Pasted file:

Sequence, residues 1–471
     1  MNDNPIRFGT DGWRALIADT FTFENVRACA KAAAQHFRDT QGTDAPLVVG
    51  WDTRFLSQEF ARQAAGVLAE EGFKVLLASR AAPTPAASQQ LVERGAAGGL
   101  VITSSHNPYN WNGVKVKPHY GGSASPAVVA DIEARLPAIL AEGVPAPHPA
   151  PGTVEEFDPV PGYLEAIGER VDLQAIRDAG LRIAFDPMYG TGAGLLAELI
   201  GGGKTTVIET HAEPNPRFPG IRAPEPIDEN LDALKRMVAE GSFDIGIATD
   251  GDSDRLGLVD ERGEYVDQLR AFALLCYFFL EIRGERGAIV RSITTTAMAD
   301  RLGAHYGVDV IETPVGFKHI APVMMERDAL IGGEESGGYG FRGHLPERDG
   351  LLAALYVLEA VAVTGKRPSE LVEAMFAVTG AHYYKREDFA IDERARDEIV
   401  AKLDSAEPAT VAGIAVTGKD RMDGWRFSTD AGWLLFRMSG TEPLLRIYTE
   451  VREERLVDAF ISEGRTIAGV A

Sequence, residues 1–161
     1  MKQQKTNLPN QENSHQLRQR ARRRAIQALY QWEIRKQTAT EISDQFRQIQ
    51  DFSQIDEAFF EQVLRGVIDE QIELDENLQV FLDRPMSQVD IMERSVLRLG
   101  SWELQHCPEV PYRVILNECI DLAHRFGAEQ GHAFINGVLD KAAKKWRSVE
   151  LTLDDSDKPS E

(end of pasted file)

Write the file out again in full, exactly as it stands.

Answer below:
Sequence, residues 1–471
     1  MNDNPIRFGT DGWRALIADT FTFENVRACA KAAAQHFRDT QGTDAPLVVG
    51  WDTRFLSQEF ARQAAGVLAE EGFKVLLASR AAPTPAASQQ LVERGAAGGL
   101  VITSSHNPYN WNGVKVKPHY GGSASPAVVA DIEARLPAIL AEGVPAPHPA
   151  PGTVEEFDPV PGYLEAIGER VDLQAIRDAG LRIAFDPMYG TGAGLLAELI
   201  GGGKTTVIET HAEPNPRFPG IRAPEPIDEN LDALKRMVAE GSFDIGIATD
   251  GDSDRLGLVD ERGEYVDQLR AFALLCYFFL EIRGERGAIV RSITTTAMAD
   301  RLGAHYGVDV IETPVGFKHI APVMMERDAL IGGEESGGYG FRGHLPERDG
   351  LLAALYVLEA VAVTGKRPSE LVEAMFAVTG AHYYKREDFA IDERARDEIV
   401  AKLDSAEPAT VAGIAVTGKD RMDGWRFSTD AGWLLFRMSG TEPLLRIYTE
   451  VREERLVDAF ISEGRTIAGV A

Sequence, residues 1–161
     1  MKQQKTNLPN QENSHQLRQR ARRRAIQALY QWEIRKQTAT EISDQFRQIQ
    51  DFSQIDEAFF EQVLRGVIDE QIELDENLQV FLDRPMSQVD IMERSVLRLG
   101  SWELQHCPEV PYRVILNECI DLAHRFGAEQ GHAFINGVLD KAAKKWRSVE
   151  LTLDDSDKPS E